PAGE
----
Tokyo’s Ueno Zoological Gardens may have the giant panda cub Xiang Xiang to adore, but a zoo in Okinawa has its own critters to be crazy about: lions.
As of Dec. 24, visitors to Okinawa Zoo & Museum in fiscal 2017, which started in April, totaled 355,932, marking a record high since the park’s renovation over a decade ago. The zoo has attributed the rise in visitors to the popularity of two lions, particularly a 14-month-old white male cub named Seramu.
Thanks to the presence of Seramu and Arusha, another male lion, visitor numbers rose by 25,043 from the previous record of 330,889 posted during the same period in fiscal 2015.
The white lion cub was given to the zoo by Tohoku Safari Park in Fukushima Prefecture last March. When it was moved to Okinawa, it drew public attention for being the first zoo in the Kyushu and Okinawa area with a white lion.
Born in November 2016, the male cub initially weighed 1,300 grams and was 18 cm long. The white lion has since grown to weigh about 100 kg and measure 120 cm long. Its mane has also started to grow.
Arusha, meanwhile, joined the Okinawa zoo last January. It came from the Tama Zoological Park in Tokyo.
“Looking at the visitors’ survey answers, the popularity of Seramu and Arusha is evident,” a zoo official said, adding that the lions are “significantly boosting visitor numbers.”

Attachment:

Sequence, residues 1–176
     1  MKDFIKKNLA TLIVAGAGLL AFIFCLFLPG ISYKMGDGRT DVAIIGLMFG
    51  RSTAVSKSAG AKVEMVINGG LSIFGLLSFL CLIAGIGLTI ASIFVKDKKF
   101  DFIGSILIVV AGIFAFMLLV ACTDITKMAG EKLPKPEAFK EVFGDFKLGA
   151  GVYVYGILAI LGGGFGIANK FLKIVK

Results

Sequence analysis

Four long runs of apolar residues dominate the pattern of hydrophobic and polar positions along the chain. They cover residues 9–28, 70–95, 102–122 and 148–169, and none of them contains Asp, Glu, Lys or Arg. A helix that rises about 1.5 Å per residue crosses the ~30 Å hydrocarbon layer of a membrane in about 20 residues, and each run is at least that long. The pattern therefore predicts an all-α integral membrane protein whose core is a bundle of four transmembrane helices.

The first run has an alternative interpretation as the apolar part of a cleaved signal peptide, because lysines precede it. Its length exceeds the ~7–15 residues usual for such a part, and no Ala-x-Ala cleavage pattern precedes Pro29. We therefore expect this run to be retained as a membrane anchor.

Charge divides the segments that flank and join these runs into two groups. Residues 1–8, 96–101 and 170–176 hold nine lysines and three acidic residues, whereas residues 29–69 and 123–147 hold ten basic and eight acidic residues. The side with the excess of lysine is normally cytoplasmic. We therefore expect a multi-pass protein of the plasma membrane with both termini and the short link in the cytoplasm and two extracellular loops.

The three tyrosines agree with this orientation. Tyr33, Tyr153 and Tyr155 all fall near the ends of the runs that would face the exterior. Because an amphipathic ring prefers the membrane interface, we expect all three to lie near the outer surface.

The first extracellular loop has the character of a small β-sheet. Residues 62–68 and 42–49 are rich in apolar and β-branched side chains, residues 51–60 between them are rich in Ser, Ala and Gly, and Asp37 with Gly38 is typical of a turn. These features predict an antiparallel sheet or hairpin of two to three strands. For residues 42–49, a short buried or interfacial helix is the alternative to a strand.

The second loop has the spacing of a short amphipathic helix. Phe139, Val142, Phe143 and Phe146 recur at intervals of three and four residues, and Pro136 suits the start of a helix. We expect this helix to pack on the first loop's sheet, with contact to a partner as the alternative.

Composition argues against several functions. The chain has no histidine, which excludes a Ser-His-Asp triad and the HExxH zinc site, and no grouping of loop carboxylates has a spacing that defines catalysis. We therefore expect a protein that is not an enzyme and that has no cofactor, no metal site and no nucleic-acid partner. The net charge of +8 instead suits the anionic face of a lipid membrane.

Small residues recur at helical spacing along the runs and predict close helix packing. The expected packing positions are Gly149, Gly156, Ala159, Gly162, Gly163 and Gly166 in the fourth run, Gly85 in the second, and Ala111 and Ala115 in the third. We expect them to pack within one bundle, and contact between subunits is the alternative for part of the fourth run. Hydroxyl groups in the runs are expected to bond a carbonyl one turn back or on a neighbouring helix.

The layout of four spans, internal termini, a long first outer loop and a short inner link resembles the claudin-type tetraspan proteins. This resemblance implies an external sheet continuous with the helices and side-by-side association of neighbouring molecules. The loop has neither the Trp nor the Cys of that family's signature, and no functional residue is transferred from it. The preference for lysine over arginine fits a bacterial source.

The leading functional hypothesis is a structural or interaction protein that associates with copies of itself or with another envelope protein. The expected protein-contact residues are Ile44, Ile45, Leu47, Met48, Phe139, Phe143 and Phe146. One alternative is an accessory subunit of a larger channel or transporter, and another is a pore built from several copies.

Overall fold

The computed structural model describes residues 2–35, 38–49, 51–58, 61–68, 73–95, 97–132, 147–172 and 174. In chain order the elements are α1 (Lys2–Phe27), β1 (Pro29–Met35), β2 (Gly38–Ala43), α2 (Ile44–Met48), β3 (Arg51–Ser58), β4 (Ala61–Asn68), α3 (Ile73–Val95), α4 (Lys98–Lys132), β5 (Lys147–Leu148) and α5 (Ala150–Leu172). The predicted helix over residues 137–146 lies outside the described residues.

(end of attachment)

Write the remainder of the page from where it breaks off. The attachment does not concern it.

In a popularity vote conducted online and via ballot boxes set up in the zoo between Sept. 4 and Sept. 24, Seramu came in first, garnering 212 of the 1,466 total votes, followed by Fukuta, a Tsushima leopard that got 185 votes. And with Arusha coming in third with 167 votes, the rankings showed the dominance of the feline species.
“Okinawa may have been influenced by the recent cat boom,” said Kozue Ogimi, a zoo official.
Seramu was born in Tohoku Safari Park on Nov. 14, 2016, when the supermoon appeared. Its name was taken from “Pretty Guardian Sailor Moon,” a popular Japanese animation series.
The white lion cub was named by Kota Suetake, then a 9-year-old fourth-grader at Takahara Elementary School in the city of Okinawa, when his suggestion was selected in June out of 4,850 entries submitted.
Suetake’s name choice was one of the five final candidates. He was among those invited to a naming ceremony in June where the white lion circled plastic balls bearing different names. The little feline eventually chose the name Seramu.
“I want it to grow and be healthy,” Suetake said.
Riding on the popularity of the white lion, the Okinawa branch of Japan Post presented the zoo and the Okinawa Municipal Government last month with original postage stamps bearing the images of the zoo’s 10 animals, including Seramu.
Satoshi Kaneshima, postmaster of the Awase Postal Office, said in a presentation ceremony that the stamps were created to help revitalize the local economy.
Okinawa Mayor Sachio Kuwae also said he hopes the stamps will encourage the public to appreciate the zoo more.
This section features topics and issues from Okinawa covered by The Okinawa Times, a major daily in the prefecture. The original article was published on Dec. 26.